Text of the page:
After reading your series of ‘Global Report’ articles the message we should all heed is the sobering one that we are the experts in consumption.
Fortunately Norway’s Berit Gronvold and her friends are not the only group in Europe deploring the worship of economic growth. There is an ever growing Green (Ecological) Movement in many countries all seeking ways of working together.
Here in Britain the Ecology Party takes an anti-consumption, environmental stance in politics. Not a popular, vote-catching message to date, but it is kept going by the conviction that only an easily identified, independent political party can maintain the necessary moral integrity to resist political expediency.
At our coming conference we are being asked to vote for a Life-Style Motion which would commit all members to follow Berit’s example.
All ideas have a ‘time’. Perhaps we should make it the time for this idea.
The article on Berit Gronvold (N.J. No. 107) brought home the importance of directing our concern at the growing disparities between the poor and the wealthy in our own societies.
But will buying second-hand clothes or eating less make one jot of difference - especially in Norway, which is already so rich? Most people in the West are far removed from her philosophy and will just profit from her restraint. And even if we all consumed less, what would happen to employment?
Licence to steal
If Santos Hernandez and his friends in Honduras are justified in seizing land from someone who has too much of it (N.I. No. 107) what is there to stop me from breaking into the house of anyone that I consider to be wealthier than I am? Ideas of justice and fairness always seem much more clear-cut when one is talking about Third World countries. I also think that applying the same principles here would produce a much more efficient response from the state.
Global report — the film
I just wanted to say how much I enjoyed the TV programme, ‘Global Report and Alternative View of 1981’. While watching it I kept thinking how much the material ‘said’ without ‘saying’ it — if you can understand that. The sequence on Tanzania was brilliant and I wish I could extract that bit and use it before giving lectures.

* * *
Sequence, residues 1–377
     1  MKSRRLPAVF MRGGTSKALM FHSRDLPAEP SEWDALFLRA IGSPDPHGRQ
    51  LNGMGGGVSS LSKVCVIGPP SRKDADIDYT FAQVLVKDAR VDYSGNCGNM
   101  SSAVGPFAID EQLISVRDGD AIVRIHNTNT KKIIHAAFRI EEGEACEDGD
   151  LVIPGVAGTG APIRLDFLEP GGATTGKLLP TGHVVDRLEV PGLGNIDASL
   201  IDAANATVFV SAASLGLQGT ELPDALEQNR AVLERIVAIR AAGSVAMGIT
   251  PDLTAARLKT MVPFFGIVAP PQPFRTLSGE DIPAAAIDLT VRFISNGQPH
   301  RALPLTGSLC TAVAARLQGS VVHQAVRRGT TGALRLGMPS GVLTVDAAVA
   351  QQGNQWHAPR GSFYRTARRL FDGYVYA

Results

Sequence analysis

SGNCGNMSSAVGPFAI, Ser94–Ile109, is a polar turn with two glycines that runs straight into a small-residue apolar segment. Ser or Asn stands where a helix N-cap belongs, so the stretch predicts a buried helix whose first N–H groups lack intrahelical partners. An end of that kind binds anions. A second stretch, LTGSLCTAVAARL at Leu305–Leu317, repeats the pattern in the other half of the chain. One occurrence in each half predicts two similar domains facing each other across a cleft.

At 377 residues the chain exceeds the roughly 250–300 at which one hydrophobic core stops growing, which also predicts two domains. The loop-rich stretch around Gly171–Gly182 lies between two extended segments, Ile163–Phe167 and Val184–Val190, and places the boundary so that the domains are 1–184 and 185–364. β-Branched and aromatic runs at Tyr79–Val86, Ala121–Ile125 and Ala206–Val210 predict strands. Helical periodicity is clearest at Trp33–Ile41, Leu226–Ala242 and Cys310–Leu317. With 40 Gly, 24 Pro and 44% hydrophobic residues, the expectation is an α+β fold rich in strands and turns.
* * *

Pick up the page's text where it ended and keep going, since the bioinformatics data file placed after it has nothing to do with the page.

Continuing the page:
I know you’ll be getting tons of letters just like this. May I just pass on my admiration and hopes that you will do another for 1982.
Ed. Our thanks to everyone who wrote to us and to the BBC about the programme. UK readers may be interested to know that it will be repeated by the BBC around Easter 1982.
'The Crippled Giants' by Christopher Hird (NI No. 106) showed that co-operatives are both viable and more interesting to work in than traditional businesses.
A new round of development based upon a broadly co-operative third sector would form a sensible and lasting alternative to Keynesianism and monetarism. What is needed is 'an economics of permanence', as Dr Schumacher defined it. There the community finds itself firmly centred amid a sound series of regional organisations and structures which co-ordinate development. If the older pattern of 'growthmanship' is now exhausted, then a new pattern of development is necessary. It will not come from the traditional Keynesian and monetarist paths, but from the developmental tradition, which is concerned with more democratic and humane work.
Co-operatives do not contain the whole of the answer, but they would create a new sector which would significantly influence the pattern of industrial structure in the rest of the economy. If the mid-seventies was the end of an era of growth, the mid-eighties should see the real beginnings of a new era of development - the alternative to 'no alternative' pendulum swingers.
If people were inherently co-operative it would not be necessary to organise them into co-operatives. If they are not, then having them work in co-operatives will not make them any more so.